Ira Beneficiary Planning Strategies

Ira Beneficiary Planning Strategies



IRA Beneficiary Planning Strategies
Here’s an​ estate-planning technique that allows you to​ lower the​ tax sting to​ your heirs, and​ that reduces your retirement income in​ case you don’t think you will need all of​ your Individual Retirement Account funds in​ retirement .​
It’s called a​ stretch IRA, or​ Multi-generational IRA, a​ complex investment tools that allow you to​ extend the​ tax-deferred status of​ your IRA long after your death.
By naming your children and​ grandchildren as​ the​ beneficiaries of​ your retirement assets, you enable them to​ stretch out the​ annual distributions of​ that IRA over the​ course of​ their lifetimes.
Structuring the​ stretch
There are four primary approaches to​ structuring a​ stretch IRA; the​ traditional, spousal-rollover, participant-direct and​ the​ mixed, or​ combination, approach.

In the​ traditional set-up, your spouse is​ the​ primary beneficiary and​ your children or​ grandchildren are the​ contingent beneficiaries, however distributions and​ income tax deferral are extended only through the​ life expectancy of​ the​ oldest beneficiary .​
By using the​ Spousal Rollover Approach instead, your spouse remains the​ primary heir and​ children or​ grandchildren become the​ beneficiaries with their own IRAs .​
This strategy allows the​ distributions and​ income tax deferrals to​ extend through-out the​ lifetime of​ the​ beneficiaries you name .​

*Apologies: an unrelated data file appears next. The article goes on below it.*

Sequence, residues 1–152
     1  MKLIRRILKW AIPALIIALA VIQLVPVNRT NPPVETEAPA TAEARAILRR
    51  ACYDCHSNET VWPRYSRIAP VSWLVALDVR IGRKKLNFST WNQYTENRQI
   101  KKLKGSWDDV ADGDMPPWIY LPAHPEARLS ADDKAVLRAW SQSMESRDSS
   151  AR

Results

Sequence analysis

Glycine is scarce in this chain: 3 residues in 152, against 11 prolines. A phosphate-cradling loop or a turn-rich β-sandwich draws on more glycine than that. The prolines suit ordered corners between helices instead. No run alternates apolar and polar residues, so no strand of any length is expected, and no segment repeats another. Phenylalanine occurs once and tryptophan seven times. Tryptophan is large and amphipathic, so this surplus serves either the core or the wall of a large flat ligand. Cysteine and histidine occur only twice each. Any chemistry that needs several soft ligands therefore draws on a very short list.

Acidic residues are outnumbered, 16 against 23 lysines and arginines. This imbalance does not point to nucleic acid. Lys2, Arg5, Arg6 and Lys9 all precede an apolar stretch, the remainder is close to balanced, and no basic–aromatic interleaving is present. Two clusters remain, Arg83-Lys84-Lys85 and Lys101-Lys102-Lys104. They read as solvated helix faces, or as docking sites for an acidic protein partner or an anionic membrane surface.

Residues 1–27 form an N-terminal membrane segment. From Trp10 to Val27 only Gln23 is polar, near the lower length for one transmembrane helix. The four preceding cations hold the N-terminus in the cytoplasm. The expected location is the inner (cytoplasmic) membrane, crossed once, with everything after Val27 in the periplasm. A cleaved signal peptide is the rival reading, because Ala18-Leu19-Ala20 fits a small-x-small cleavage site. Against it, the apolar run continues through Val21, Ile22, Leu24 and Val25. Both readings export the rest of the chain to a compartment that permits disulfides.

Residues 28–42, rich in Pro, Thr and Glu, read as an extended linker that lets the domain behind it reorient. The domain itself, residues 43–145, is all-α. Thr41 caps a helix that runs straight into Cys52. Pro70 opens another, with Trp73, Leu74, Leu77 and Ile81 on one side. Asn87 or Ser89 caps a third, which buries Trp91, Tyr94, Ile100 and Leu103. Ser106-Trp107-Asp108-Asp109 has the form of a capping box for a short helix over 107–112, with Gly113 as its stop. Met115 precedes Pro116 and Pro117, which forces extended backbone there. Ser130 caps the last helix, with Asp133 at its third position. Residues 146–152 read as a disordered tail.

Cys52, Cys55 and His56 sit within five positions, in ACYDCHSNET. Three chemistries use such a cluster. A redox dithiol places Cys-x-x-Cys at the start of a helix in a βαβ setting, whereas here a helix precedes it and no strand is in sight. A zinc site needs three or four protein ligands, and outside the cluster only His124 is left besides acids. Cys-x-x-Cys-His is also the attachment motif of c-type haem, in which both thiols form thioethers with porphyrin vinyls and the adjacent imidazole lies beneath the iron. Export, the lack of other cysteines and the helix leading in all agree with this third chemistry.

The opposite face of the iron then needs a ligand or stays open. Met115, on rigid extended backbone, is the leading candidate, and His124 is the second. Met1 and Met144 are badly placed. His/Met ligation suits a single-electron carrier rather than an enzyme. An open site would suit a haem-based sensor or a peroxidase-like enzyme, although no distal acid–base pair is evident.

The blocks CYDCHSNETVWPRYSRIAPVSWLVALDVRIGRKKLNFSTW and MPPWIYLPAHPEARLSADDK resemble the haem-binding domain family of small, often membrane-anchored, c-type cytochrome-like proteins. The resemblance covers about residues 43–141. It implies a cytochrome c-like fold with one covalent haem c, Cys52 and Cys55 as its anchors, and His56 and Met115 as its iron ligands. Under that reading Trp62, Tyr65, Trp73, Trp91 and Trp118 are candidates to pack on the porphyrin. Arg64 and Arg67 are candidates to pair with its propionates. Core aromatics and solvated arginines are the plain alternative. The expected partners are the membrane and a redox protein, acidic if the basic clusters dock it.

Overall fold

That, in​ turn, provides significantly more tax deferral and​ a​ much longer opportunity for​ that IRA investment to​ grow.
if​ neither you nor your spouse need to​ dip into the​ IRA during your lifetime, you could also consider structuring your multi-generational IRA using the​ Participant Direct approach, which can provide the​ greatest tax benefit of​ all.
Using this strategy, you’ll be asked to​ break up your retirement assets into several different IRAs like the​ spousal rollover-except that your children and​ grandchildren, not your spouse, are listed as​ the​ primary beneficiaries, so you can lower the​ amount of​ the​ minimum distributions you are forced to​ take out once you hit age 70-1/2, and​ leave more money behind for​ your heirs.
Lastly, there’s the​ Mixed approach .​
a​ combination of​ strategies from the​ stretch IRA, it​ is​ structured as​ a​ spousal rollover with the​ remainder under the​ participant direct category .​
You may want to​ give this strategy a​ closer look if​ the​ surviving spouse does not need the​ IRA assets, but reigns while he or​ she is​ still alive .​
Consult a​ qualified financial planner experienced in​ Stretch IRAs for​ more specifics on these plans and​ which approach is​ right for​ you and​ your family.
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